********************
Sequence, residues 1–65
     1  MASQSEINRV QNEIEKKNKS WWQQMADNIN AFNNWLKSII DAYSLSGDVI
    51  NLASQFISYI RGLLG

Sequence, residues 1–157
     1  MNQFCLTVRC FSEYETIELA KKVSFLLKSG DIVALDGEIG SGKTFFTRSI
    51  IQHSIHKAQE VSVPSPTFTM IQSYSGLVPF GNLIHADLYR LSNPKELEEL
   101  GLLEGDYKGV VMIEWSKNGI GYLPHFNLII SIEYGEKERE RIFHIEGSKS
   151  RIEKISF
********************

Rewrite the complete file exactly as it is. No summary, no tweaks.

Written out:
Sequence, residues 1–65
     1  MASQSEINRV QNEIEKKNKS WWQQMADNIN AFNNWLKSII DAYSLSGDVI
    51  NLASQFISYI RGLLG

Sequence, residues 1–157
     1  MNQFCLTVRC FSEYETIELA KKVSFLLKSG DIVALDGEIG SGKTFFTRSI
    51  IQHSIHKAQE VSVPSPTFTM IQSYSGLVPF GNLIHADLYR LSNPKELEEL
   101  GLLEGDYKGV VMIEWSKNGI GYLPHFNLII SIEYGEKERE RIFHIEGSKS
   151  RIEKISF